The Filipino workers are expected to take a commercial flight and arrive in Manila on Monday morning, according to Labor Secretary Silvestre Bello III.
Duterte has encouraged Qatari businessmen to invest in the country and “shoot” anyone who tries to extort money from them.
The President has promised a corruption-free business climate in the country in his investment pitch during the Philippines-Qatar business forum here.
“I give you the authority to… If somebody from the Internal Revenue, Customs would ask you even 10 pesos, shoot him. I will not allow corruption,” Duterte said in his remarks.
“Everything will be all right. Everything will be followed. There will be no harassments. There will be no asking of money. It will be a truly honest to goodness transaction,” he added.
Duterte argued that he has zero tolerance for corruption, lamenting that graft practices have only pulled the country down for many years. He said he has fired several government officials, including a Cabinet member and a close aide, after being implicated in irregularities.
In seeking investments for the country, the President said businessmen could venture into the country’s agriculture, mining, and other lucrative sectors.
“(The) Philippines is an agricultural country. We know that we can offer you so many things from the bounties of the Earth. We have mining, we have everything, ore, uranium,” he said.
He said the country is also large enough to accommodate “any kind of vegetation” but lamented that it has lost large parts of the forest to irresponsible lumber firms.
The government is also committed to honor business contracts, according to the President.
Duterte admitted that the country has been previously known to renege on contractual obligations, particularly suspend the deal when the “commission is not big enough for distribution.”
“We will honor our obligations. That is in the Constitution itself that there shall be no impairment of the obligation of contracts,” Duterte said.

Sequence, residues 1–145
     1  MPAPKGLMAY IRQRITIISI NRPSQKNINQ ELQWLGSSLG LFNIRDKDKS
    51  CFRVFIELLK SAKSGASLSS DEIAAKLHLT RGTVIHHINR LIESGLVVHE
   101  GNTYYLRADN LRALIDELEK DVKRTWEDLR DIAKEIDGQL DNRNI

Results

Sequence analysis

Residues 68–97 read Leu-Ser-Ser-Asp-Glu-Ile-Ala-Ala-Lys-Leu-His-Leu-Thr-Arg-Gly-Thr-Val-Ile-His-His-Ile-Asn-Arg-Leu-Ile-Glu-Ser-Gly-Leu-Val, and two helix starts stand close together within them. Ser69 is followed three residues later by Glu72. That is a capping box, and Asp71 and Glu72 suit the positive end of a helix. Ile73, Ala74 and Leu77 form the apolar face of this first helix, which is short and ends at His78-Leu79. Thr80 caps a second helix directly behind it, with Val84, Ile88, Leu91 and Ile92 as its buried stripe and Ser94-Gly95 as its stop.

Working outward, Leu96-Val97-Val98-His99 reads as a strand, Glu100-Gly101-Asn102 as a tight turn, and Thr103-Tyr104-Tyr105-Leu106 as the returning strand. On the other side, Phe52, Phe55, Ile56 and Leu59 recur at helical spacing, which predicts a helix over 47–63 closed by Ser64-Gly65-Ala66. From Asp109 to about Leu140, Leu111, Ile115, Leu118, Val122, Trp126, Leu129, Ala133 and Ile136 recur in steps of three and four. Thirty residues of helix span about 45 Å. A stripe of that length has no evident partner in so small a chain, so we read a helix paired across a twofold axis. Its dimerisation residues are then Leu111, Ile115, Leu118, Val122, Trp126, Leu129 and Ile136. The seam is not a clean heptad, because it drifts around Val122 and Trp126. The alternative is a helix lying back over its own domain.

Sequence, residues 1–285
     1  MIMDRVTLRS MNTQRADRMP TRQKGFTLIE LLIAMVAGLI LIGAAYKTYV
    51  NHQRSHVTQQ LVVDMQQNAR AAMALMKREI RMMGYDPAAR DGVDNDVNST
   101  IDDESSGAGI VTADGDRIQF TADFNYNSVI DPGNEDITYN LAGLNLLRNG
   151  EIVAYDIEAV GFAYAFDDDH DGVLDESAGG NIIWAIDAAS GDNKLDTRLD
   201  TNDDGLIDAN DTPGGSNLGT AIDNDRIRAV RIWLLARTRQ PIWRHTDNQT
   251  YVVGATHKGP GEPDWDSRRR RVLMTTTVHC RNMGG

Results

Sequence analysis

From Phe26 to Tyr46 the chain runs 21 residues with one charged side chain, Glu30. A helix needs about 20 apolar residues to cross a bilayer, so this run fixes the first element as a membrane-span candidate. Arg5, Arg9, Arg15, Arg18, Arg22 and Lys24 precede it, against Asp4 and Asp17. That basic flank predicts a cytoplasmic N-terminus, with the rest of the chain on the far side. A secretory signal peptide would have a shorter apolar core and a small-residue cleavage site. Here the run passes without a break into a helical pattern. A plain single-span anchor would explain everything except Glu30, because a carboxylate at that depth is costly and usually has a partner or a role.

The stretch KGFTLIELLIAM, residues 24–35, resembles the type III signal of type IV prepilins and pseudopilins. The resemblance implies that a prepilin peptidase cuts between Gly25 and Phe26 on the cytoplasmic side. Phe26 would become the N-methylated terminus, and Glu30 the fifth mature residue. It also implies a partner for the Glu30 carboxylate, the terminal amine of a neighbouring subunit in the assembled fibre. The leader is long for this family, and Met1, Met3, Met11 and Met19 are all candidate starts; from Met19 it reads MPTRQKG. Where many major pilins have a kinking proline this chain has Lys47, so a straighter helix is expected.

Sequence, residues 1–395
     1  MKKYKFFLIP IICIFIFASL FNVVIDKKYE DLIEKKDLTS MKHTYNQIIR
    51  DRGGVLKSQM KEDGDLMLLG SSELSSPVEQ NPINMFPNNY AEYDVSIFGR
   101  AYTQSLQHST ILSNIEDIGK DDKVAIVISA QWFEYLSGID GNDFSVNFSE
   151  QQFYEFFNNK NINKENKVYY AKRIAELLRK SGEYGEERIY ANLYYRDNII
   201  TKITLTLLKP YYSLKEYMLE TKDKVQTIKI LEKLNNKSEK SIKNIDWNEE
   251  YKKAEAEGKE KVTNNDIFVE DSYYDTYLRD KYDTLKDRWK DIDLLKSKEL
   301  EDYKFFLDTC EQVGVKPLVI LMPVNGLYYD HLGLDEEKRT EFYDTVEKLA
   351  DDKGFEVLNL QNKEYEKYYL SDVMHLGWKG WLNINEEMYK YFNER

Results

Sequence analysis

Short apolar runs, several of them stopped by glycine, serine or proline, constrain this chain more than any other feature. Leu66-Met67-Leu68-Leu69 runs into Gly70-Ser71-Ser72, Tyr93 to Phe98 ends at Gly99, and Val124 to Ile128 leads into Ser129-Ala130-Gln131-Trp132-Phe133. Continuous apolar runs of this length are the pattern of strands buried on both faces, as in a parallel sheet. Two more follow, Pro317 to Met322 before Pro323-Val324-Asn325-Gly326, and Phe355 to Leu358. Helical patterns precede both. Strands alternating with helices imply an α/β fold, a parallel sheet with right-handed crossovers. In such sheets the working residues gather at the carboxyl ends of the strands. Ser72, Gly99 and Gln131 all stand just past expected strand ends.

“Insofar as trade is concerned I can assure you, what we sign and I agree with you will be done even if we lose in the transaction, we will honor what we have promised,” he added.
The President also tackled security concerns in the country in his conversation with the Qatari businessmen, citing peace initiatives with the communist rebels and the Muslim separatists.
“We do not have any trouble with the rebellions now,” he said.
“I hope that Allah would be most gracious for us. The merciful would grant us peace. And we hope to succeed in our peace talks. We are ready to reconfigure the land. We are ready to concede what was lost of them,” he added.
Duterte, however, conceded the government is still dealing with the threat of Islamic state-linked Abu Sayyaf group in the country.
“What we have inherited, all of us in this world, is the violent ideology of the ISIS. They are here, they are in Mindanao, and they anointed a leader of the Abu Sayyaf, and these are the group down South that would continue to behead everybody which you see on TV,” he said.
As allies, Duterte also declared that the Philippines is ready to deploy government troops in case its Middle Eastern allies come under attack.
The President offered to forge closer security cooperation in appreciation of kindness and goodwill extended by Qatar, Bahrain and Saudi Arabia to the Philippines, from helping boost the nation’s growth to providing employment to Filipino workers.
“It is of our national interest to see to it that you are stable, that there is no trouble bugging you and we will stand by you,” the President said during a Philippines-Qatar business forum in Doha last Saturday night.
“I am even willing, if you are in trouble, if you are short with manpower, I have a very disciplined military and I can send them here,” he said, adding he made a similar commitment to Saudi Arabia and Bahrain during his recent visit there.